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B.C. candidate gets on the beer bandwagon

B.C.'s Conservative leader John Cummins vows to allow liquor sales in supermarkets if elected

With soaring temperatures, and the NHL playoffs underway, one B.C. election candidate has come up with a surefire way to win votes in the upcoming provincial elections: allowing sales of liquor in supermarkets and convenience stores.

With less than a week left in the province's election campaign, B.C. Conservative leader John Cummins entered the debate over sales of liquor in grocery by saying his government would allow beer and wine sales in those outlets.

He made the comments at a campaign stop at a Kelowna grocery store on May 7, saying, “We’ll make life more convenient and affordable for British Columbians, and help grow the economy by removing restrictions on the sale of beer and wine in convenience stores."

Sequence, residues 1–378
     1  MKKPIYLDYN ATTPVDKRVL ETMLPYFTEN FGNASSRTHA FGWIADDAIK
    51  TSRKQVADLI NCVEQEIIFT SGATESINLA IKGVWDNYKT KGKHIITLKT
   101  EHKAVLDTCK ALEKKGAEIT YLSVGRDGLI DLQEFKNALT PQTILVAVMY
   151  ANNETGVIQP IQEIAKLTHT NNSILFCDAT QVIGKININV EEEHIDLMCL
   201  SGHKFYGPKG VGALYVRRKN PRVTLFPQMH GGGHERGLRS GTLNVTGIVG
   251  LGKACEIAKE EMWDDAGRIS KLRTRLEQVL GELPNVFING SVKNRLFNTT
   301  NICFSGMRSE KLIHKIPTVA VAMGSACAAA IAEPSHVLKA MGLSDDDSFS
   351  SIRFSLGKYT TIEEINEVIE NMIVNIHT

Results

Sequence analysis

Other candidates have been less enthusiastic about the idea: the B.C. Liberal spokesperson said there are no plans to change the policy; the NDP's have said the liquor policy needs a completely new strategy; while the B.C. Green Party spokesman said the party has yet to devise an alcohol-sales strategy.

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